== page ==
A Little Lunar Physics

With my celestial gazing blotted out by the grey weather again last night, I turn to a bit of chat about astronomical angles with some solar/lunar synchronicity tossed in for leavening. As I am sure most of you know, but may not often contemplate, the moon has no light of its own. Earth's satellite is a reflective surface, what we see as the illuminated moon is completely solar energy cast back at us.

So when we see or don't see the new moon, it is because the moon is between the earth and the sun. All the light of the sun is on the far side of the moon, which contrary to what Pink Floyd is thought to have said, is not the dark side of the moon at all. At the other apex of earth/sun/moon alignment, a full moon occurs when the earth is between the sun and the moon with the full illumination of the sun on the earth facing moon countenance. The graphic below illustrates these facts of celestial physics.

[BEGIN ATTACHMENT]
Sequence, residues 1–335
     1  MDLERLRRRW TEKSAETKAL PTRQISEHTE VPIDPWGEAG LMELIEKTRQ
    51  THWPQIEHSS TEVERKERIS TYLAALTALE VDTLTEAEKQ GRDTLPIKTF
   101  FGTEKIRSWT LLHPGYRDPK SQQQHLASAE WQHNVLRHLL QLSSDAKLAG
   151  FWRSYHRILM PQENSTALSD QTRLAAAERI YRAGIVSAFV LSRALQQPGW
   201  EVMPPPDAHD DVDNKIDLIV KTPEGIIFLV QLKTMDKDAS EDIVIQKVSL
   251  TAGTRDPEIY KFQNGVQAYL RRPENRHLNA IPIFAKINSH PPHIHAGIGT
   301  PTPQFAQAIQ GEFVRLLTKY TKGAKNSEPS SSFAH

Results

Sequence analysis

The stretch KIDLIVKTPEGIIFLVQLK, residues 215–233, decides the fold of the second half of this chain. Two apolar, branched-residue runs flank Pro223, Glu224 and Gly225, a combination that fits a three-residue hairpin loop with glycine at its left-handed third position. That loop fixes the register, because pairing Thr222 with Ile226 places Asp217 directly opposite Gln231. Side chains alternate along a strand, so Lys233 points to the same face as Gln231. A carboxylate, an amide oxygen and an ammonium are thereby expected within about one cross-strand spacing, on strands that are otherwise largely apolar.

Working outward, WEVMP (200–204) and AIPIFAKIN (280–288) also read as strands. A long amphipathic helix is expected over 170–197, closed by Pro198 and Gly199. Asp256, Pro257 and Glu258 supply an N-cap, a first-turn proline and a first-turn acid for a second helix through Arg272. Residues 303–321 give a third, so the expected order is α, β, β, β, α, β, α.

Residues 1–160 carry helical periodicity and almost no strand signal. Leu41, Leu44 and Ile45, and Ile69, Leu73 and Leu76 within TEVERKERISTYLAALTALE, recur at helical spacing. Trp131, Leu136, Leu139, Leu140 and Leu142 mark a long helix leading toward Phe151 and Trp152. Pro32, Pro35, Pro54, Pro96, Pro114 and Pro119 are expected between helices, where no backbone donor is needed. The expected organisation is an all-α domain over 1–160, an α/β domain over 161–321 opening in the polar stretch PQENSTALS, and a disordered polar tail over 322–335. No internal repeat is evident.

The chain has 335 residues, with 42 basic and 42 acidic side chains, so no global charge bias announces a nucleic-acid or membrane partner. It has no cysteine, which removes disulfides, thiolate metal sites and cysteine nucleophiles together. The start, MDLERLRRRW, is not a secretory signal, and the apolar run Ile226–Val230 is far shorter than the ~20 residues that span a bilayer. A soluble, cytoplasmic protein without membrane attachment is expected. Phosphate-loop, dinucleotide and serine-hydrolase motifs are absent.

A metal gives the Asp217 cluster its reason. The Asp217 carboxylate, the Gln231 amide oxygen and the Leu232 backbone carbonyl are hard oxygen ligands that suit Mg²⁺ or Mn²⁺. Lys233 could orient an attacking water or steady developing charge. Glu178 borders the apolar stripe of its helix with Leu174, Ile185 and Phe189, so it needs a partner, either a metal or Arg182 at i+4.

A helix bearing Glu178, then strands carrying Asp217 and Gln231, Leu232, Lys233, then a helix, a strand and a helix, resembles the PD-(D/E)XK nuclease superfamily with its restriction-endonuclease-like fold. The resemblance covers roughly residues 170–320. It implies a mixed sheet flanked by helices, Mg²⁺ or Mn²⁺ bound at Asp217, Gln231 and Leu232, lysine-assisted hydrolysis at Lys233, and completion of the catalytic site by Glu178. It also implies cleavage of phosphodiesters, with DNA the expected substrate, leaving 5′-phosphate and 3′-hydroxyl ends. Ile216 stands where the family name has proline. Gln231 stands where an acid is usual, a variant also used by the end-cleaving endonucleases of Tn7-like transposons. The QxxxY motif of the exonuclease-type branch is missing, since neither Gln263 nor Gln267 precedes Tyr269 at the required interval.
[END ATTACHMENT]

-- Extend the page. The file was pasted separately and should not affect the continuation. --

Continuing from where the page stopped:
When the earth lines up exactly between the sun and the moon, we get a lunar eclipse and I would be remise if I did not remind you that this year on the winter solstice (Dec. 21st) there will be a total lunar eclipse visible in most of North America.

There is no dark side of the moon really. Matter of fact it's all dark.
Pink Floyd Eclipse from Dark Side of the Moon